We go to a lot of resale places and recycling places and pretty much pick up most of our props. We really do believe in that reduce, reuse, recycle of garbage.
L&GR: Have customers responded to the displays?
Florig: Oh, they love them! We get amazing customer response, and I think it’s really cute because people come in and say, “We come back here every season to see what you’re doing.” We have people who really do follow us, which is fun.
We got a lot questions about how they relate to pollination. And obviously we have them all through the store, so they are not all going to be pollinator plants, but the marketing department did a thing on our e-blast about pollinators too. This year has been a whole campaign as far as the visual part tied in with everything else.
Also, last year when we took down the flower displays and took down the vegetables, we offered them to schools and donated them to elementary schools and kindergarten teachers.
This year when we took down the butterflies and put up the bees, we gave a lot of them to a couple schools, and they’re going to use them to decorate their schools next spring, so that’s fun too.
We don’t have room to store everything and I don’t like to reuse [the same things]. I just think you have to keep coming up with something new. That’s our job, right?
I have to say that at least once a week someone says to me: “Someone came in and wanted to pass on that they love coming in to look at the displays.”
And if that brings people in, they’re certainly going to buy when they’re here, and that’s why we’re all here.
The Judges Decision
Here’s what our panel of judges had to say about Al’s Garden & Home’s butterfly displays.
Bridget Behe, Michigan State University: Yes, pollinators are a hot topic and butterflies are one of the most beloved pollinators. They achieved their goal of having the eye dance from visual to visual. It worked because they limited the number of bold colors in any one display but carried the theme into several related displays.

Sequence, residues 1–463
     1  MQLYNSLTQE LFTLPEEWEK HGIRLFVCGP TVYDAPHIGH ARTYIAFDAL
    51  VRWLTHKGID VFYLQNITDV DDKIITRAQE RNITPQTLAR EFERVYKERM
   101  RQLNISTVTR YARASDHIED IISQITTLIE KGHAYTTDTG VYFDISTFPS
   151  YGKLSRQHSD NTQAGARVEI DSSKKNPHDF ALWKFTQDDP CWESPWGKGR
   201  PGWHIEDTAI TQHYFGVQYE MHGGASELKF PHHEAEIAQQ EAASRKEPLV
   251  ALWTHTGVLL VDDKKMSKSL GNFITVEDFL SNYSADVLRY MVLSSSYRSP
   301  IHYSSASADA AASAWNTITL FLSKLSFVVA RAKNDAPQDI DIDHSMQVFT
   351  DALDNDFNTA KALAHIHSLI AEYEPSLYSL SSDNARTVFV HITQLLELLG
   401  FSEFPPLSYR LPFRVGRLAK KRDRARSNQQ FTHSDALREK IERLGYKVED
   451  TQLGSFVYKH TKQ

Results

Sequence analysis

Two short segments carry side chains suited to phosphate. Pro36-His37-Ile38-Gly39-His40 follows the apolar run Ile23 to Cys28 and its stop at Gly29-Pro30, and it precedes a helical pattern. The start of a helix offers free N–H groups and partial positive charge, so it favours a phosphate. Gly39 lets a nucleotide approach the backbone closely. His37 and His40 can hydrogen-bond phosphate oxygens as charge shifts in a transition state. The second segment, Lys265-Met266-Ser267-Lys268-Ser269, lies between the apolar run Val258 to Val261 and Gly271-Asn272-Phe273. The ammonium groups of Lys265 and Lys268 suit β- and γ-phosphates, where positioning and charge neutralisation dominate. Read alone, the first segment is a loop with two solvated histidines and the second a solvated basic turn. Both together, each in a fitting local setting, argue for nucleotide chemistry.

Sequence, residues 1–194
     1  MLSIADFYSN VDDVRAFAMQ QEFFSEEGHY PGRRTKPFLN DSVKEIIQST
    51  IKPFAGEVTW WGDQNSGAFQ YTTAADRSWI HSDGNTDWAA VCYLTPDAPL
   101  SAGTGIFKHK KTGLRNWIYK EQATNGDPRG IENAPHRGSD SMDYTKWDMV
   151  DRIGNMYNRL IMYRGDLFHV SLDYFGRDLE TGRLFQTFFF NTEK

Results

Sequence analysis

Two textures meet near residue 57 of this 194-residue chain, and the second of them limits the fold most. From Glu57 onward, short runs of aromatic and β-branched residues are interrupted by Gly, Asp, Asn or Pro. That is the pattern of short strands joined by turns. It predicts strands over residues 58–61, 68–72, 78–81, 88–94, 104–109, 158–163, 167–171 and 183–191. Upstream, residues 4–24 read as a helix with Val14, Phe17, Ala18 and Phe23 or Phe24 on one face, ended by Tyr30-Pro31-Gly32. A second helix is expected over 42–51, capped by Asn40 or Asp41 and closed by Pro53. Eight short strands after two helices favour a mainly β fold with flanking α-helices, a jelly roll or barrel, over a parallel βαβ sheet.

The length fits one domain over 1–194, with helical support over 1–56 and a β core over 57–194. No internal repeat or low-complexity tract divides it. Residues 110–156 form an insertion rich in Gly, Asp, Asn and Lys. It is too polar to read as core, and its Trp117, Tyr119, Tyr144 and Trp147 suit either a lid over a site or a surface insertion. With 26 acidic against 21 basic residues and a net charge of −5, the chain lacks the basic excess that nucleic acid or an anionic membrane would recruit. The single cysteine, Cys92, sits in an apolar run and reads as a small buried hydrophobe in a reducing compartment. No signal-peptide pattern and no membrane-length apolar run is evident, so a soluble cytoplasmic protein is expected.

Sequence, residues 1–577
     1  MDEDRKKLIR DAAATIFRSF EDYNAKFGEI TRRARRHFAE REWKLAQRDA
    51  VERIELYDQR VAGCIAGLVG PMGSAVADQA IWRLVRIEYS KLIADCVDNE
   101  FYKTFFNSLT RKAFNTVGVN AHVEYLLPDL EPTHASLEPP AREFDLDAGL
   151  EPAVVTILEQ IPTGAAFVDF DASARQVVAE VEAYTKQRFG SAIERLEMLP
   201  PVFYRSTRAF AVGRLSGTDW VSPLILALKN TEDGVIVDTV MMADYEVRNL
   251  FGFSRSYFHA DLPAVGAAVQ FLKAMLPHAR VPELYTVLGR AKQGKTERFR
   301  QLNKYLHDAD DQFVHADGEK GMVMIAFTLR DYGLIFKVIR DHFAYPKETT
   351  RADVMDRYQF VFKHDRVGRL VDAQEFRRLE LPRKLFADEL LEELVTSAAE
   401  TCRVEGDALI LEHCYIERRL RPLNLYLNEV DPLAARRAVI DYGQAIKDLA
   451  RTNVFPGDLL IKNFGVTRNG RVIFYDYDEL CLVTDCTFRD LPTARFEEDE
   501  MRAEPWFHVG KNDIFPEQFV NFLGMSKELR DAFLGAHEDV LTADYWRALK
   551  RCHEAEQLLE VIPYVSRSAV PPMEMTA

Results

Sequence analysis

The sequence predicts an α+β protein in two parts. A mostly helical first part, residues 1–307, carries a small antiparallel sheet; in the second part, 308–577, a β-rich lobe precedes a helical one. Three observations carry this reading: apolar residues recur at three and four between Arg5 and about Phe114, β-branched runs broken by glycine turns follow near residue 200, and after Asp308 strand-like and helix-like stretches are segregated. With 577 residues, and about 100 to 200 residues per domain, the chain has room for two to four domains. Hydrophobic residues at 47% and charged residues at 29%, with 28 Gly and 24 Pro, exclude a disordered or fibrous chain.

Christina Salwitz, The Personal Garden Coach: Taking a large and popular idea like “Pollinator Awareness” and using it both graphically as well as educationally wins the day. The bold and colorful use of graphic color embodies excitement and customer discussion. Incorporating pottery, trees, shrubs, perennials and annuals, and home goods allows for a carry through of the theme all the way through the store in a smart way.
Sid Raisch, Bower & Branch; Horticultural Advantage: These displays feature eye- popping color and would be easy to shop from, buying one or many of the same plants, without destroying the display. A huge plus is that it would be easy to fluff-up on the fly. Great use of props — inexpensive, fast and easy. The theme is right on trend, and spans the seasons.
Bill Calkins, Ball Horticultural Co.: There’s so much creativity out there — it’s tough to judge! Sales and inspiration seem to be the main criteria and all of these finalists hit the mark.
Ken Klopp, The Perfect Plant: This display brings a hot topic to life. It helps the customer quickly tie the topic to plants and combinations that are inviting to beneficial insects.